SANAA (Reuters) -- Yemeni Shi'ite Muslim rebels said Saudi air attacks on northern Yemen killed 54 people on December 20, many of them women and children.
The rebels, who often report attacks by Yemeni and Saudi fighter planes, said on their website that the strikes destroyed five houses in the town of Razeh, in mountainous Saada province where they are based.
The report could not be verified as aid workers and media have limited access to the conflict zones, and there was no immediate Saudi comment. Yemeni officials have previously denied that Saudi planes had carried out attacks on Yemen's territory.
On December 13, the rebels said at least 70 people were killed in a Saudi air raid on a market in Razeh. That attack could not be confirmed either.
Saudi Arabia, a U.S. ally and the world's largest oil exporter, fears the growing instability in neighbouring Yemen could turn into a major security threat for the kingdom by allowing Al-Qaeda to gain a stronger foothold in the impoverished country.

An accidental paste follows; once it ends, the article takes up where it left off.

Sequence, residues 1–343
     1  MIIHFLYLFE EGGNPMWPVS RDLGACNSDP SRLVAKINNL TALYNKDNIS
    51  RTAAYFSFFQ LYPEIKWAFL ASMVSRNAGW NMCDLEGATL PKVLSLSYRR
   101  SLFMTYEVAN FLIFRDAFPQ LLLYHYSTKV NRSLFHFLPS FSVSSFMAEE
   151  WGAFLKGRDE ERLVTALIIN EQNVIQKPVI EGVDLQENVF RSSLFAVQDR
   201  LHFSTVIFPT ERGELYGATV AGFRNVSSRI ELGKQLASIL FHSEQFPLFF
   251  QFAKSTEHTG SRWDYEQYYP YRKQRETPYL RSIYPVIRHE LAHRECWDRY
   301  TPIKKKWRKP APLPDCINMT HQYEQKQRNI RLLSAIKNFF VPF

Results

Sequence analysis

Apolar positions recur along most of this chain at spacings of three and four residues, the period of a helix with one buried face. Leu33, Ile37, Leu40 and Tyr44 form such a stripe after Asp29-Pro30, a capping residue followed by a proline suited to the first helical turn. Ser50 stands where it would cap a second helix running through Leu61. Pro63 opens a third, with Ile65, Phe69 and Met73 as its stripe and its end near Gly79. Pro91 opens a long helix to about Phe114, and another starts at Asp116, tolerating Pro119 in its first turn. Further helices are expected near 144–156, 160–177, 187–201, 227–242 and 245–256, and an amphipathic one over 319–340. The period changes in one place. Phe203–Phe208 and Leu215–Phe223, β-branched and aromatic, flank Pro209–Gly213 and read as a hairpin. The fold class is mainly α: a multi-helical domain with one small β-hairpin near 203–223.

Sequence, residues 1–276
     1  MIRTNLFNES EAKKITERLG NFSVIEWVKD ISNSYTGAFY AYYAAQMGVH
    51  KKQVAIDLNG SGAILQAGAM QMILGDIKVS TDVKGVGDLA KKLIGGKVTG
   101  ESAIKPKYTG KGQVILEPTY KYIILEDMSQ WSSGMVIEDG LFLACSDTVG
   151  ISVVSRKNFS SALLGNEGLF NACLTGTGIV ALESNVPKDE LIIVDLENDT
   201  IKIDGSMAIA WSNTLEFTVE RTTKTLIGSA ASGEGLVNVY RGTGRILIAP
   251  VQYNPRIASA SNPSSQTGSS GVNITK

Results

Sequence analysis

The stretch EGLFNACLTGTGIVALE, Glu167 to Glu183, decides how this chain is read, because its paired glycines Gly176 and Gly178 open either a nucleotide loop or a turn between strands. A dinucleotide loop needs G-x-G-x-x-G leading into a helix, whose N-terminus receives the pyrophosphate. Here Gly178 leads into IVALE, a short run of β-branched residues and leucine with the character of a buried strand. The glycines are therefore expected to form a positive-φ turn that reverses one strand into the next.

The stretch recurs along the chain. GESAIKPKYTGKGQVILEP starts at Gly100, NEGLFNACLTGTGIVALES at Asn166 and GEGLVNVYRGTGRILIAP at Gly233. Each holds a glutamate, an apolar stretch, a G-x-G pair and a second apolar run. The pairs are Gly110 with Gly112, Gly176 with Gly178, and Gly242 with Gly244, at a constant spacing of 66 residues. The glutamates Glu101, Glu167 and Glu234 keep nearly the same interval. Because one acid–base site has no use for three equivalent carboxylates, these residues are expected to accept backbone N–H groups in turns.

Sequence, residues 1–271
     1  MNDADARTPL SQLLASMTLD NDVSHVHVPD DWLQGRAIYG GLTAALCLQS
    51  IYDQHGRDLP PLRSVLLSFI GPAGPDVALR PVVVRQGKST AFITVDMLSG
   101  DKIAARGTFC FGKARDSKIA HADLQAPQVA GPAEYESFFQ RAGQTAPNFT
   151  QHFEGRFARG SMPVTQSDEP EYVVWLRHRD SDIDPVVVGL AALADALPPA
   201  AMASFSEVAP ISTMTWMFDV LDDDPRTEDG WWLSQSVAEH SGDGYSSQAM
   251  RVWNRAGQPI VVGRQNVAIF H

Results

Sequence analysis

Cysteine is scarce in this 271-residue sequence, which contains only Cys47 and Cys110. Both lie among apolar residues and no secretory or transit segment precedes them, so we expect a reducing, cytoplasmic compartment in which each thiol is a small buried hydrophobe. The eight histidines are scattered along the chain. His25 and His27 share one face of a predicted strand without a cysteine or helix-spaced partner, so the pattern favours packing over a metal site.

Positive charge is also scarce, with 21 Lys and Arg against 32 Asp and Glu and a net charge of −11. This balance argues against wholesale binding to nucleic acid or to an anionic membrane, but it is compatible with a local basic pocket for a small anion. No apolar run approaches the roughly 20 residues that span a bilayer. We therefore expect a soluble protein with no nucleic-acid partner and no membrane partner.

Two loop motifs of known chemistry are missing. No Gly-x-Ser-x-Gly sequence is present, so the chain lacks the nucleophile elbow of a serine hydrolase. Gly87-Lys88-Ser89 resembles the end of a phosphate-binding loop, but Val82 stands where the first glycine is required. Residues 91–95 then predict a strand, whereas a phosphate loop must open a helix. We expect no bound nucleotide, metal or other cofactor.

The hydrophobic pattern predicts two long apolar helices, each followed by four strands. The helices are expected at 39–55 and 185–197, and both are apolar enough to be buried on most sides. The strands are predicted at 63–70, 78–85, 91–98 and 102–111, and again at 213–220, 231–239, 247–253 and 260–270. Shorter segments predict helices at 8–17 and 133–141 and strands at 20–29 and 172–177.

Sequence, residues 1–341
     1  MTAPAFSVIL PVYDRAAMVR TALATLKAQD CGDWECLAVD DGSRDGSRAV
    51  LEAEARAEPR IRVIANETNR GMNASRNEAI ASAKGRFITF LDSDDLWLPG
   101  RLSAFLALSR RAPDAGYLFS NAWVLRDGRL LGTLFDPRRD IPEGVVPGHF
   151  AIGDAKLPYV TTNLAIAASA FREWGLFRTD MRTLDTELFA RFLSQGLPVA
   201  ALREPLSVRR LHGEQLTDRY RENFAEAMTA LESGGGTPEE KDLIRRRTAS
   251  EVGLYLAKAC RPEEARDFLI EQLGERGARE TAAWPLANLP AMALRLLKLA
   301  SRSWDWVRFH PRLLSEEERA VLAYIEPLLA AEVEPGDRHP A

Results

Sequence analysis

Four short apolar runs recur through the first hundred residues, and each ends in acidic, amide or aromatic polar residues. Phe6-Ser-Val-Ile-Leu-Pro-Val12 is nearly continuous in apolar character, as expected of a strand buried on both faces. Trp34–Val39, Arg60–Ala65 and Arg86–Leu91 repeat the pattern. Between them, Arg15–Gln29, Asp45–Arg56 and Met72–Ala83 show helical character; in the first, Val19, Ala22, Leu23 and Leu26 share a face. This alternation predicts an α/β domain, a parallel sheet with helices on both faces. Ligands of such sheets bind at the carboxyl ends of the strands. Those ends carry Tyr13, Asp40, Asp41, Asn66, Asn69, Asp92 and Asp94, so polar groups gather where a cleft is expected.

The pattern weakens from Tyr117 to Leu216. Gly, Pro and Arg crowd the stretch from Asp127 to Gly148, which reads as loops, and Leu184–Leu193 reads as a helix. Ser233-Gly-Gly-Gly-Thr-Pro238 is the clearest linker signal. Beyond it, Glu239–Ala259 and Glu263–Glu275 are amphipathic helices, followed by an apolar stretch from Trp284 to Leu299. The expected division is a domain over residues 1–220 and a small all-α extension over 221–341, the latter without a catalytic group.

Saudi Arabia began attacking Yemen's Shi'ite Muslim rebels, known as the Houthis, in early November after the rebels staged a cross-border incursion and killed two Saudi border guards.
The rebels, who launched a rebellion against the Yemeni government in 2004, belong to the minority Zaidi sect of Shi'ism, and complain of social, economic, and religious marginalisation. Both the rebels and the government deny their aims are sectarian.
A state-run website said rebel leader Abdul-Malik al-Houthi was seriously wounded in a government attack which also killed a rebel military commander.
The rebels did not directly comment on the report, but cautioned on their website against believing "imaginary victories which the regime's media (report) from time to time."
Besides fighting Shi'ite rebels in the north, Yemen faces increasing unrest and separatist sentiment in the south and growing activity by al Qaeda's regional wing.